According to the Joint United Nations Programme on HIV/AIDS, the prevalence of the disease in Zimbabwe – a measure of the proportion of cases in the population at any given time – dropped from 28 % in 1997 to around 15 % today. The current prevalence rate translates to 2.1 million Zimbabweans with the disease. Of these, 1.3 million are in the government’s antiretroviral treatment programme.
The fall in the prevalence of AIDS would be encouraging except for an unfortunate development: a worsening economy is threatening to reverse some of the gains made.
A perfect storm of economic forces, including inflation, high unemployment and drought, is endangering both the success of the programme and the outlook for the country’s AIDS patients. “If the economy and drought keep haunting the country, progress made in fighting HIV and AIDS may be lost,” said an official in Zimbabwe’s Ministry of Health. He spoke on condition of anonymity as he was not authorised to speak to the media.
Non-government organisations share those concerns. “HIV-related deaths have started to increase, although that is not being said in the public domain,” says Leonard Ndlovhu, a member of the Zimbabwe National Network of People Living with HIV.
Inflation tops the list of the country’s economic problems. The International Monetary Fund puts Zimbabwe’s inflation rate at 300 %. High inflation takes a toll on everyone, but it places an especially heavy burden on AIDS patients who are already living on the edge of poverty. “Zimbabwe’s collapsed economy now even means many people can’t afford condoms needed to prevent HIV and AIDS,” notes Claris Madhuku, head of the Platform for Youth Development, a non-profit organisation.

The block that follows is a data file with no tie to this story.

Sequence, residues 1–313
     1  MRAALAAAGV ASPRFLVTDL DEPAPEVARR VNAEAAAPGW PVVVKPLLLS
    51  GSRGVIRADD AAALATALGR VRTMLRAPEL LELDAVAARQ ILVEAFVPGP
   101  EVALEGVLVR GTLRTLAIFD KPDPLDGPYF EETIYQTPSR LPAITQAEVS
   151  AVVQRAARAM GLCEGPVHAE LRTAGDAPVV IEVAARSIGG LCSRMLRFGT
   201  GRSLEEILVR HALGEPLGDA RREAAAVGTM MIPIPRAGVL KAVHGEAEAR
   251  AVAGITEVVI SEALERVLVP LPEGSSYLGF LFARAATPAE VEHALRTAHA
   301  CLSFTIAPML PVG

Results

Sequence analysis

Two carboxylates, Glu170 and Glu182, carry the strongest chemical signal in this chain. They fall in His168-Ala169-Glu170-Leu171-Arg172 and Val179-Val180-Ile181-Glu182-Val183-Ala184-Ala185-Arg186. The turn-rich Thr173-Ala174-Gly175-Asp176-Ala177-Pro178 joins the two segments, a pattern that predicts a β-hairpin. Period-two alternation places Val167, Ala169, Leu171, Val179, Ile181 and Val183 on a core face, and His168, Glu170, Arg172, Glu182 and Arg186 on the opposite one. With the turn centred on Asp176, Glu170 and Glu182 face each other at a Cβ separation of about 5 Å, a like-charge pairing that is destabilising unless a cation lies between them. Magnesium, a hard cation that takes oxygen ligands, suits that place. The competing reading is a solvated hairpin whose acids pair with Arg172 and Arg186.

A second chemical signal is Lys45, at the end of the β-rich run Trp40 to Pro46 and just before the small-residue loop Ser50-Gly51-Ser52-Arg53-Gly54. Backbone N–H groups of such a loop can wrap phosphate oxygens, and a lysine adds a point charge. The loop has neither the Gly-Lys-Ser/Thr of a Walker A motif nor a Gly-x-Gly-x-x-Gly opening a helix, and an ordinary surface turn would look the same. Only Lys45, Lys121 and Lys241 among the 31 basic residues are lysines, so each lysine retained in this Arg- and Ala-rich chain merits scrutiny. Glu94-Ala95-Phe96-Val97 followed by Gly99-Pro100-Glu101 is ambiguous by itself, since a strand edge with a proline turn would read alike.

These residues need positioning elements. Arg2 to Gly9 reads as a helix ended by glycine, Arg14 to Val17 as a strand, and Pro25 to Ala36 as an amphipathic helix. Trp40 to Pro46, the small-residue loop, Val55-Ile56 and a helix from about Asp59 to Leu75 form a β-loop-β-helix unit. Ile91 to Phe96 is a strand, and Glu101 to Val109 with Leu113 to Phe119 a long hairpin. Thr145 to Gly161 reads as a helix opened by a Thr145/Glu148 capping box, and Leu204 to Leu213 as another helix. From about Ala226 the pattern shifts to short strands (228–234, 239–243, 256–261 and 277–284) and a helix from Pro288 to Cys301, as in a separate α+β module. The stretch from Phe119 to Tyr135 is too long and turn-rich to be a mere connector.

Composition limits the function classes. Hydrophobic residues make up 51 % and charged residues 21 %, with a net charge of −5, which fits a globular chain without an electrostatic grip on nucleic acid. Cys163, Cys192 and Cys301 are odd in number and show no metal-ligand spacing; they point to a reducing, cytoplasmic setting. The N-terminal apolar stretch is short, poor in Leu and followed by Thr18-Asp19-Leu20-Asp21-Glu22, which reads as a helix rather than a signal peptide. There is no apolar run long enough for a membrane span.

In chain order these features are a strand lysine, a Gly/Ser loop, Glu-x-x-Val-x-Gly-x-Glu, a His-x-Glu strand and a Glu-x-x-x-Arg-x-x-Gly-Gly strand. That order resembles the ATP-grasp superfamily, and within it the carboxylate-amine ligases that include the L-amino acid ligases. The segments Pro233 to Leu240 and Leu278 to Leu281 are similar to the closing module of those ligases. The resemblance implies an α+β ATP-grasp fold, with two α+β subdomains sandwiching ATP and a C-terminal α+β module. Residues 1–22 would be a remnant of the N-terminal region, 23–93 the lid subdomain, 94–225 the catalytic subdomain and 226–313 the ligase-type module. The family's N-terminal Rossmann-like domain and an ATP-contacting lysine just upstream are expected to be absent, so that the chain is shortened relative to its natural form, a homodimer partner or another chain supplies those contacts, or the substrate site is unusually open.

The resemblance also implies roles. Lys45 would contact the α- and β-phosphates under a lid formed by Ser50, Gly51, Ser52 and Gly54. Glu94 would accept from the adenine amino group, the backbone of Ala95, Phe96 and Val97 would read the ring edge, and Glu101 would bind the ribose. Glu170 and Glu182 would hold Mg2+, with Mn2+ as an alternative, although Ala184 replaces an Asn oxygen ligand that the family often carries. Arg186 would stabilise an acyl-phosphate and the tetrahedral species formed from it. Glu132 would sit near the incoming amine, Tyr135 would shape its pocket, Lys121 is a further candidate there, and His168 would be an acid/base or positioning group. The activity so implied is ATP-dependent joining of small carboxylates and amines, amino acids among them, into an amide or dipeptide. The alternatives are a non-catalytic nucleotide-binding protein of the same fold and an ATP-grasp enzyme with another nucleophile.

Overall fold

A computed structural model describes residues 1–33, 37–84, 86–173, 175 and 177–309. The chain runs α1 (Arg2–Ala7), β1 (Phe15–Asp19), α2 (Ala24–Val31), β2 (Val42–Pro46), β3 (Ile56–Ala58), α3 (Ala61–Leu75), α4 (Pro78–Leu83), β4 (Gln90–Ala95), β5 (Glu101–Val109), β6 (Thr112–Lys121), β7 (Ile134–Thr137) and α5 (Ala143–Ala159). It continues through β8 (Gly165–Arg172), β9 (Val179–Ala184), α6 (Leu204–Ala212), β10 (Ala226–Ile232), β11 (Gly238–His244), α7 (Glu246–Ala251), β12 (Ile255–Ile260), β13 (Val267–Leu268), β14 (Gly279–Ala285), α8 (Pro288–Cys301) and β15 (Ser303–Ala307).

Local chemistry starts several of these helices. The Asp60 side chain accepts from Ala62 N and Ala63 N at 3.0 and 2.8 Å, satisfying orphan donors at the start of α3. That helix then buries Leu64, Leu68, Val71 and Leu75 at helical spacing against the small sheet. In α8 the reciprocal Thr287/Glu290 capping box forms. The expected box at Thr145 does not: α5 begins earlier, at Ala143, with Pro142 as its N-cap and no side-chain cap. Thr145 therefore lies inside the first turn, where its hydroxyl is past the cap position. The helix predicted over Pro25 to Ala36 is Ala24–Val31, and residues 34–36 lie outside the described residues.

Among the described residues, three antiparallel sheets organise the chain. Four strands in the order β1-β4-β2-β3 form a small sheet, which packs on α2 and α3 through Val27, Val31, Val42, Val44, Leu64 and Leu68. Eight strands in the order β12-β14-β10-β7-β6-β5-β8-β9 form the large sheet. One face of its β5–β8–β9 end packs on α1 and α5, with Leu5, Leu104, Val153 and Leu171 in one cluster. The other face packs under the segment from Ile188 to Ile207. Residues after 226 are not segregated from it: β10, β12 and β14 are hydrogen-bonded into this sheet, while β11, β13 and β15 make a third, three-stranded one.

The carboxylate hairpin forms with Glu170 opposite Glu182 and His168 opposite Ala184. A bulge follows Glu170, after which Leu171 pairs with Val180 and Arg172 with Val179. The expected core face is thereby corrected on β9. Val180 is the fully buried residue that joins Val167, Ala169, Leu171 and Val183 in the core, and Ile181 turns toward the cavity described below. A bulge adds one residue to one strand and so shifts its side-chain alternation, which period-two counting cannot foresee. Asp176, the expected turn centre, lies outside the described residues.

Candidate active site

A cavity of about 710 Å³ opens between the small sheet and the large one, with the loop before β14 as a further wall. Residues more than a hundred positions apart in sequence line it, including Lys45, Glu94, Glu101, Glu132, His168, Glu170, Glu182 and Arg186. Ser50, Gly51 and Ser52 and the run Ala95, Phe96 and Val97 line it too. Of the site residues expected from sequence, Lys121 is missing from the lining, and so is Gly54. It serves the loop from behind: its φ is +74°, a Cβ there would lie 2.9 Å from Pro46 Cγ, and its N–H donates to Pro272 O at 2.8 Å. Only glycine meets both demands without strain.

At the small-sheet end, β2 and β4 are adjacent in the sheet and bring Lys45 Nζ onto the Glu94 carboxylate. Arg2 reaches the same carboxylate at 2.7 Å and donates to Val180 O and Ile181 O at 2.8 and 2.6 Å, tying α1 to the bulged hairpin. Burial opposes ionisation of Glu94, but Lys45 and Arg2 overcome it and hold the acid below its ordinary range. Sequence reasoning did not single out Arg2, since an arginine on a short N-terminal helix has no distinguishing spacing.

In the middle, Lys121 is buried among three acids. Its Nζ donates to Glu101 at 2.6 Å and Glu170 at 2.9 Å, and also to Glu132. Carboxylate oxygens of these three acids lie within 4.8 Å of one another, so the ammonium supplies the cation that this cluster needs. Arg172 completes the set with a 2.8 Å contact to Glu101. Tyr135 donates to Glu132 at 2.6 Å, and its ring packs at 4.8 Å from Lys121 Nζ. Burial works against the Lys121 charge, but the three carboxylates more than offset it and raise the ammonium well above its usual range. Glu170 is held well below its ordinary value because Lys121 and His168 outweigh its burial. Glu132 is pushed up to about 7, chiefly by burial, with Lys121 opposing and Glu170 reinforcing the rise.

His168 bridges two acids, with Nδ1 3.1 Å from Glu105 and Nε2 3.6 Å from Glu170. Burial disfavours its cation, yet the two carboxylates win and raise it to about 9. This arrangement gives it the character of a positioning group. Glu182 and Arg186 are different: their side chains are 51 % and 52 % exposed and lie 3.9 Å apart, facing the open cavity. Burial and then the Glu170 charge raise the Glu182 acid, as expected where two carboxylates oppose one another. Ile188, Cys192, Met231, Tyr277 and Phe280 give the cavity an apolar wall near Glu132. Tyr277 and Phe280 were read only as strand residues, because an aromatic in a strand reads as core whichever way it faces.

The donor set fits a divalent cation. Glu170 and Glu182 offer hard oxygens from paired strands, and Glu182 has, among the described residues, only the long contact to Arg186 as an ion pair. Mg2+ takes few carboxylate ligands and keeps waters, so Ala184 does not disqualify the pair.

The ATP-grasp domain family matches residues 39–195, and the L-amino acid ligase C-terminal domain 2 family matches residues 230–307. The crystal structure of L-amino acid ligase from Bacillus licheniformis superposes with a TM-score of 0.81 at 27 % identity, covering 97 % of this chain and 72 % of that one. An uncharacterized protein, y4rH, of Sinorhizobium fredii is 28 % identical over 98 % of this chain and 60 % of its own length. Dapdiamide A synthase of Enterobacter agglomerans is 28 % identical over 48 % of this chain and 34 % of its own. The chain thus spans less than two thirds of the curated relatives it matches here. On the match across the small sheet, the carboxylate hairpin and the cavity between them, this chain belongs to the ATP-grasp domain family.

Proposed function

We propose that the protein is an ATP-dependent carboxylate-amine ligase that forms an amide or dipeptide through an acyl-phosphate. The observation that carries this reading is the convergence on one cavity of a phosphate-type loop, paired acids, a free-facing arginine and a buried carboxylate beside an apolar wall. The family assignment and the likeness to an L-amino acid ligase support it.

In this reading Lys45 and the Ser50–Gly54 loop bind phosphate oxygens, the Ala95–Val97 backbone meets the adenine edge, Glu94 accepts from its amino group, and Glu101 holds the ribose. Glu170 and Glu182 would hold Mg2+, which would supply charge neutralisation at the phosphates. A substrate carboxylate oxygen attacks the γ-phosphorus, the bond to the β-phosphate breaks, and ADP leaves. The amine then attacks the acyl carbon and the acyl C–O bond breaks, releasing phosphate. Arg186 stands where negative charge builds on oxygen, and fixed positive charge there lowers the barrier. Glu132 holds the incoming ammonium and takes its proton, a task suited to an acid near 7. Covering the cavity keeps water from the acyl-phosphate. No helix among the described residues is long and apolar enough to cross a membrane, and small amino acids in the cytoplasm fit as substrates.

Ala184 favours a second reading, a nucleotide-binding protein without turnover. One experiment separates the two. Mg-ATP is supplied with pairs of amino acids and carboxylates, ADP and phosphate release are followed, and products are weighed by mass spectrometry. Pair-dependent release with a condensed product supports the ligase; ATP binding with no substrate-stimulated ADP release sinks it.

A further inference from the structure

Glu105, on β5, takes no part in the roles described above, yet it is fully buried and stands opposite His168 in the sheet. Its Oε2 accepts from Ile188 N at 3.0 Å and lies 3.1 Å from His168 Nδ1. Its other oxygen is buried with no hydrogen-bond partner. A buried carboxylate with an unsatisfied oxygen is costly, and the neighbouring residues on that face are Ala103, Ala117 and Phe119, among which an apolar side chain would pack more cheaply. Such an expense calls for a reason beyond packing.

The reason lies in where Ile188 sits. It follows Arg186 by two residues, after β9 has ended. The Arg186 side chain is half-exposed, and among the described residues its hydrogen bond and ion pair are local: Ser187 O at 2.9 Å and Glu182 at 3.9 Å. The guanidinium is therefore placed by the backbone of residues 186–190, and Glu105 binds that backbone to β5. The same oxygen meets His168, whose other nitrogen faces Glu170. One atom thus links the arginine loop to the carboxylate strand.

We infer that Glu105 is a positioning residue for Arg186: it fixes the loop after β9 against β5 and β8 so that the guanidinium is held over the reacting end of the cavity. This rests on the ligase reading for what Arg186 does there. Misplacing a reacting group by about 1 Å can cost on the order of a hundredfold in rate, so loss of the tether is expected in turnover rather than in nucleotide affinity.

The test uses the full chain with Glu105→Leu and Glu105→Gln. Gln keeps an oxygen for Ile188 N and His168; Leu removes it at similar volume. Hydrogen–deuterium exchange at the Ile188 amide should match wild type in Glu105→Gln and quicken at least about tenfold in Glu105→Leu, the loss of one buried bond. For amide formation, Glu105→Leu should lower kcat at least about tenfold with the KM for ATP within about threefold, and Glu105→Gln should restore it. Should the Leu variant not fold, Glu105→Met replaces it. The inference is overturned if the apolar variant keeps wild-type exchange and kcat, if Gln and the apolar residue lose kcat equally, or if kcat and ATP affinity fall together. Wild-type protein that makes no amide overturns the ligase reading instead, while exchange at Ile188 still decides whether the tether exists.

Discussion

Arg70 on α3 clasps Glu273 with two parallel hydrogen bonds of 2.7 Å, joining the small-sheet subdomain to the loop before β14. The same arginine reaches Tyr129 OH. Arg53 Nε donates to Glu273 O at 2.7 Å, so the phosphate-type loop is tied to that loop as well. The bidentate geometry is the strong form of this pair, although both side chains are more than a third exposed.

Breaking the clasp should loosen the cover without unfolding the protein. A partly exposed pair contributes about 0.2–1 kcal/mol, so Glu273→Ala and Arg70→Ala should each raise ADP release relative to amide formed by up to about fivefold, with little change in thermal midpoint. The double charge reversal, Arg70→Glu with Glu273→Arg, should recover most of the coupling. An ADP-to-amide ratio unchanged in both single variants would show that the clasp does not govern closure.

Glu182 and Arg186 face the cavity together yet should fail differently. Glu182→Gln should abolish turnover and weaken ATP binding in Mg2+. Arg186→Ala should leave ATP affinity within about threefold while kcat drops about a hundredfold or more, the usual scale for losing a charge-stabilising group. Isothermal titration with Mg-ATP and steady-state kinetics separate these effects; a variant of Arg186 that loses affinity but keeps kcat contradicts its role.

Inflation also creates problems for patients who need transportation to treatment centres. “It now costs 20 Zimbabwean dollars (about $ 0,06) for a single minibus trip to the local clinic where we fetch our treatment drugs,” says 43-year old AIDS patient Denis Muchenje. His wife, 36-year old Miranda Muchenje, who is also receiving treatment, adds that “several times we had to miss treatments due to lack of bus fare to travel to fetch drugs.” When they can, the couple walks 25 kilometres to access HIV treatment.
Unemployment – a widespread problem for AIDS patients – adds to their woes. “With limited help from donors or government, people like us just suffer because we are also without jobs,” Denis Muchenje says.
A serious drought has made matters worse. According to the UN World Food Programme, more than 2 million Zimbabweans already face starvation after the drought significantly reduced harvests. UNICEF estimates that nearly 5.5 million Zimbabweans will need food aid in 2020.
AIDS patients who depend on food assistance from the Ministry of Health are among the hardest-hit. “Nutritional food rations have become hard to get these days,” says Tarisai Mujoko, a 31-year old woman living with HIV in the southern Mwenezi district.